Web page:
We’ve been lucky enough to witness a multitude of impressive pitching performances this season. Ubaldo Jimenez fired a no-hitter in early April and currently sits 11-1 on the year with a 0.93 ERA and a 0.93 WHIP. Those are historically good numbers.
Dallas Braden threw a perfect game on May 9 against the Rays, who have owned the best record in baseball for over a month. He has a 1.09 WHIP.
Roy Halladay, long considered the cream of the crop in the American League, is 8-3 over his first 12 starts in a Phillies uniform with 77 strikeouts and only 13 walks. He threw his first career perfecto in late May against the Marlins.
It has been a spectacular year for fans of dominant pitching, and let’s go ahead and add Stephen Strasburg’s name to the list of guys who are making it all happen. The 21-year-old kid — that’s right, kid — out of San Diego State University struck out 14 batters on Tuesday night in his major league debut and picked up his first career win. It should be the first of many.
Never has a pitcher struck out 14 batters without issuing a walk in a MLB debut. His 94th and final pitch was clocked at 98 MPH on the Nationals Park gun and he hit 99 MPH regularly throughout the night.
To say Strasburg was impressive would be an understatement. To say he’s “the real deal” would be spot-on. His hybrid slider-curve looks like a different pitch every time he throws it. His fastball has a foot of tailing action, even at 99 MPH. His changeup, which is still in its infancy, looks like a potential long-term out pitch. He pairs that all with a devastating sinker and he has an incredible amount of touch and feel for his entire arsenal.
This guy’s good. This guy is real good. The Nats may be years away from contending in the stacked-with-youngsters National League East, but that will change as Strasburg carves his way through opposing lineups, Ian Desmond grows into his role as the starting shortstop, and Drew Storen begins wrapping up games with confidence. Maybe Bryce Harper will even get on the fast track.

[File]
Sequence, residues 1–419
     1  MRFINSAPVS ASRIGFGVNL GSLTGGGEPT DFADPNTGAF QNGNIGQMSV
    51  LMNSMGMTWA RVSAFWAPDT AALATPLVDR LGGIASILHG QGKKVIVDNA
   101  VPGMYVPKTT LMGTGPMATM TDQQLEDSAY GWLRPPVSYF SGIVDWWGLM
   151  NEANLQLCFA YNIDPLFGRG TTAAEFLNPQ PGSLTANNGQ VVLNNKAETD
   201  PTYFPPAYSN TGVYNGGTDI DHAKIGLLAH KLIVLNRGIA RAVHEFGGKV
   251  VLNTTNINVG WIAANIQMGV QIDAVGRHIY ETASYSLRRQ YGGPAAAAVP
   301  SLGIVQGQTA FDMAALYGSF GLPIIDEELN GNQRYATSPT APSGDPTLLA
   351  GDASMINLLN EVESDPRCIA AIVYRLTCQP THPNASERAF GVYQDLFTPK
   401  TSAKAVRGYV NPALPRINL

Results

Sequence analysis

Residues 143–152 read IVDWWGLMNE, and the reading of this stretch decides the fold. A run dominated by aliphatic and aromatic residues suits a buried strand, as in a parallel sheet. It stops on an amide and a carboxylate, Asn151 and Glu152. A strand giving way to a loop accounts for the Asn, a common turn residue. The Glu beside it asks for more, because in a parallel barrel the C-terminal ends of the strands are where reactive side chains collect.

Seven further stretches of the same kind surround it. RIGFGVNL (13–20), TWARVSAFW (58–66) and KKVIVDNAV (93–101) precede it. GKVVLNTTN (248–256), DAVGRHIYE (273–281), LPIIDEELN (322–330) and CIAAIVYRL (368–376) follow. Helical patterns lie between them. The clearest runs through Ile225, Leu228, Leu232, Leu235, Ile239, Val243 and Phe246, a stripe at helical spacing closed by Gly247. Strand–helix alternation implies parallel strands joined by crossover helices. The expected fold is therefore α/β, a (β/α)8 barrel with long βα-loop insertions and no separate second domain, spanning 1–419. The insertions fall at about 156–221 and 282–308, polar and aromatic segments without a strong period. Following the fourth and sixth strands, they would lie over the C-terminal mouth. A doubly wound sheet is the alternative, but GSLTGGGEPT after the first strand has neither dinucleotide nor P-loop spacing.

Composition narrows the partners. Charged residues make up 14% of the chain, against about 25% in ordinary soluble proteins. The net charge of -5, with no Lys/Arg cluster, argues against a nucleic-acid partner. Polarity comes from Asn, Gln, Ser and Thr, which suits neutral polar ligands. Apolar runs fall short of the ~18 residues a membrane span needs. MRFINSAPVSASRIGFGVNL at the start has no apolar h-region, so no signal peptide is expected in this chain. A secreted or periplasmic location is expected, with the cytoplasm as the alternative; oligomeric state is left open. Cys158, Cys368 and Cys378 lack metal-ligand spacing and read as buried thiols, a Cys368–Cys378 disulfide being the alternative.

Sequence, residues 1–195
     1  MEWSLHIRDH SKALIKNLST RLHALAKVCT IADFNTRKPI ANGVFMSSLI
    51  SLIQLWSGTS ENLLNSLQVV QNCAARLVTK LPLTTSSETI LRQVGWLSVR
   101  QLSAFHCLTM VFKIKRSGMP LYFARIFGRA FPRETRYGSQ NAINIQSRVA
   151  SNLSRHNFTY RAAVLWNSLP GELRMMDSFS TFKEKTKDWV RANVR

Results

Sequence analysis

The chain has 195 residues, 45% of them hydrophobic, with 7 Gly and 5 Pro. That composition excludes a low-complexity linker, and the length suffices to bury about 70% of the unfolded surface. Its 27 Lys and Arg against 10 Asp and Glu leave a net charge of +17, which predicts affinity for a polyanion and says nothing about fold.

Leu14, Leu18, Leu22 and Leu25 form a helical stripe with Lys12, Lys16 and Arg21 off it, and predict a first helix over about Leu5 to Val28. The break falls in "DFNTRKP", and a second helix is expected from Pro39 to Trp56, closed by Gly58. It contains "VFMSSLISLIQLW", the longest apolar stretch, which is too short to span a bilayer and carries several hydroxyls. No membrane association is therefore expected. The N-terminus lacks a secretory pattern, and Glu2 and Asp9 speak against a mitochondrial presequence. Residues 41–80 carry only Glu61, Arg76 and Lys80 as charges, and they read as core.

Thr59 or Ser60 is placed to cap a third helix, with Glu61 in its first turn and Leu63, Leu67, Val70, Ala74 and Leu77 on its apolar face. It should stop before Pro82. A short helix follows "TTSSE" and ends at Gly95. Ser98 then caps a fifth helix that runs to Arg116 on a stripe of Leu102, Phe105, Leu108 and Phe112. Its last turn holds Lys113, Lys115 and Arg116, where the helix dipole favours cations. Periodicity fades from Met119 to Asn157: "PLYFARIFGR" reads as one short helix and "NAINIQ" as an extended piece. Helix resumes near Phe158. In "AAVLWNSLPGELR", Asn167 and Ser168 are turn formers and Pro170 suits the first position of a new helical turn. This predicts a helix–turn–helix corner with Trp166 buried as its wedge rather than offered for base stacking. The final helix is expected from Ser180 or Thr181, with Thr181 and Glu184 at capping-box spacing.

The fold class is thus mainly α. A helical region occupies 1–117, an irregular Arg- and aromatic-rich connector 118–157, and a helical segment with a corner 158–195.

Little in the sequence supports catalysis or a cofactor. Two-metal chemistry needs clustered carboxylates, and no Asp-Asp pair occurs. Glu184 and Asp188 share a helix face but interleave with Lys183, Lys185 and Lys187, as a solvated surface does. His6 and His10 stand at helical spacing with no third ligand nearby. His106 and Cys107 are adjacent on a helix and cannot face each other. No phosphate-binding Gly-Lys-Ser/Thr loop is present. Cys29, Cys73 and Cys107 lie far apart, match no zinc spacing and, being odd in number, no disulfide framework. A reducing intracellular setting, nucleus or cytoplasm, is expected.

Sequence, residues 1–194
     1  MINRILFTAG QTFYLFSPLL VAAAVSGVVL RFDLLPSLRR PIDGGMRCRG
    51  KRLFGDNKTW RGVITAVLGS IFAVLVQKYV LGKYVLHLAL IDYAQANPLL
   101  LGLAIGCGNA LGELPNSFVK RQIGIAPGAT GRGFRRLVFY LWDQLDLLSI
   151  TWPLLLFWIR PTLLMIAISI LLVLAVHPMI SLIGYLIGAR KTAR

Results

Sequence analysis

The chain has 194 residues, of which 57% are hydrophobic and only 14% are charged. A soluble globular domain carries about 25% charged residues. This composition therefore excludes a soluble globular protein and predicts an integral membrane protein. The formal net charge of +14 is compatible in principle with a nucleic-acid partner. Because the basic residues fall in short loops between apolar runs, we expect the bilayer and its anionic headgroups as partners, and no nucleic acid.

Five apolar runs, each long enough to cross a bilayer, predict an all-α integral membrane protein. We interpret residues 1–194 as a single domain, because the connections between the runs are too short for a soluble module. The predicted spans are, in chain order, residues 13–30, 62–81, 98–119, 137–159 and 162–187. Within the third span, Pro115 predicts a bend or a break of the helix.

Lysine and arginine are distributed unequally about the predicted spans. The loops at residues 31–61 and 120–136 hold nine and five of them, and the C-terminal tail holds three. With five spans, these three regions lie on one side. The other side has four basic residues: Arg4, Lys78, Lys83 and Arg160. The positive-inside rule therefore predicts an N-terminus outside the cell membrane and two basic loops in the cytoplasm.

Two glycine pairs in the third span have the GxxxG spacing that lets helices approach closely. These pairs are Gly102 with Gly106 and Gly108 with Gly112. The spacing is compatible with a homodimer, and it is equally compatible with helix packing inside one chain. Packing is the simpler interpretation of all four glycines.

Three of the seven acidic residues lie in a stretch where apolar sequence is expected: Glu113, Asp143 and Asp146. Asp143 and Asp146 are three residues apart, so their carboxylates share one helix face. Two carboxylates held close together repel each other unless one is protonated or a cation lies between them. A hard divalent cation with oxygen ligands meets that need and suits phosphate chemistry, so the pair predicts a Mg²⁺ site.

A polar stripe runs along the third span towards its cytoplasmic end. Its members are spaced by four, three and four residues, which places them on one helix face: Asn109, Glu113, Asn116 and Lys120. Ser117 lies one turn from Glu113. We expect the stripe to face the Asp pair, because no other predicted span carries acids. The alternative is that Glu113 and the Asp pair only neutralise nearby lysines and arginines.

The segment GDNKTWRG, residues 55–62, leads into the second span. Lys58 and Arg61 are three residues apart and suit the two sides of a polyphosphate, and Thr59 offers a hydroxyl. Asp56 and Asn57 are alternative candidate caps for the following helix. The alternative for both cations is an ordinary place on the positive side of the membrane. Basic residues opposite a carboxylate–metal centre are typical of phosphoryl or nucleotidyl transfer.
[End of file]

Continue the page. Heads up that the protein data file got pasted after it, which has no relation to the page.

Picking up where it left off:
The Nationals arrived in the nation’s capital in 2005 and finally moved into their new stadium in 2008. But not until the night of June 8, 2010 did baseball truly get its welcome back to The District.
The Cubs wrapped up a four-game series against the Reds at Wrigley Field on Thursday afternoon, suffering a 13-10 loss to split the set. They’ll match up again against the Reds next week for a three-game series in Cincinnati. That’s good news for Cubs third baseman Kris Bryant, because that means he’ll get to see Reds first baseman Joey Votto some more.
As CSN Chicago’s Patrick Mooney reports, Bryant has grown quite fond of Votto. Bryant has already won a World Series ring, a Rookie of the Year Award, and an MVP Award, but he still looks up to Votto. According to Bryant, Votto is “the best player ever.” He added, ““He’s my favorite player. I love watching him. I love talking to him, just picking his brain. He gets a lot of (heat) about his walks and working at-bats and some people want him to swing at more pitches. But, gosh, I mean, he does an unbelievable job. You know that he’s going to give you a great at-bat every time he goes up there. It’s definitely a guy that I look up to and I can learn from.”
Bryant said that Votto is “a future Hall of Famer, that’s for sure.”
Bryant also explained how his approach changed by watching Votto. He said that in his rookie season, he was “swinging at everything.” Votto, however, is “aggressive, but he’s not going to swing at a pitch until he wants it.”
Indeed, in Bryant’s rookie season, he struck out in nearly 31 percent of his 650 plate appearances. This season, he has struck out in only 19 percent of his PA. His walk rate has also increased by more than 2.5 percent since his rookie campaign. Compared to last year, Bryant is down in HR and RBI, but his average is the same, his on-base percentage is markedly better, and his slugging percentage is only down by a minute amount.
Diamondbacks second baseman Daniel Descalso hit his team’s third inside-the-park home run of the season during Thursday’s 4-0 win over the Astros. In the top of the fourth inning, with the score 1-0 and the bases empty, Descalso ripped a 1-0, 83 MPH change-up to right-center field. The ball caromed off the wall, heading towards left field, which sent center Jake Marisnick on the chase. Marisnick tried to pick up the ball with his glove, but dropped it, which sealed Descalso’s destiny for an inside-the-parker.
It had only been five days since the Diamondbacks’ last inside-the-park home run. David Peralta hit one against the Cubs on August 12. Ketel Marte legged out his club’s first ITPHR on July 26 against the Braves.
As ESPN Stats & Info notes, the Diamondbacks have three as a team, which is amazing because the other 29 teams have hit seven combined.